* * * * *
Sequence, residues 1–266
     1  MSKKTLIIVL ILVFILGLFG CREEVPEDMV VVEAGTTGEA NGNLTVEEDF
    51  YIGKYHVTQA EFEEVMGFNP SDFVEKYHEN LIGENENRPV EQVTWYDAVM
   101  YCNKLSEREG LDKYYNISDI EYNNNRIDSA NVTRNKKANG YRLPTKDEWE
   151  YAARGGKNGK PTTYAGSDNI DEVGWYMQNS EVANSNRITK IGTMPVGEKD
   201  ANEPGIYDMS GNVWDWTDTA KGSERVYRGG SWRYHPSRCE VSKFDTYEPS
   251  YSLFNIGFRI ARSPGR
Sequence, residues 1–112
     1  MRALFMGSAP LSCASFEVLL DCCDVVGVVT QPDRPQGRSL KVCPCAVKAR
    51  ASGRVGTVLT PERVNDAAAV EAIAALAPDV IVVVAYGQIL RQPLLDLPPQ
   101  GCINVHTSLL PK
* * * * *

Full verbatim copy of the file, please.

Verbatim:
Sequence, residues 1–266
     1  MSKKTLIIVL ILVFILGLFG CREEVPEDMV VVEAGTTGEA NGNLTVEEDF
    51  YIGKYHVTQA EFEEVMGFNP SDFVEKYHEN LIGENENRPV EQVTWYDAVM
   101  YCNKLSEREG LDKYYNISDI EYNNNRIDSA NVTRNKKANG YRLPTKDEWE
   151  YAARGGKNGK PTTYAGSDNI DEVGWYMQNS EVANSNRITK IGTMPVGEKD
   201  ANEPGIYDMS GNVWDWTDTA KGSERVYRGG SWRYHPSRCE VSKFDTYEPS
   251  YSLFNIGFRI ARSPGR
Sequence, residues 1–112
     1  MRALFMGSAP LSCASFEVLL DCCDVVGVVT QPDRPQGRSL KVCPCAVKAR
    51  ASGRVGTVLT PERVNDAAAV EAIAALAPDV IVVVAYGQIL RQPLLDLPPQ
   101  GCINVHTSLL PK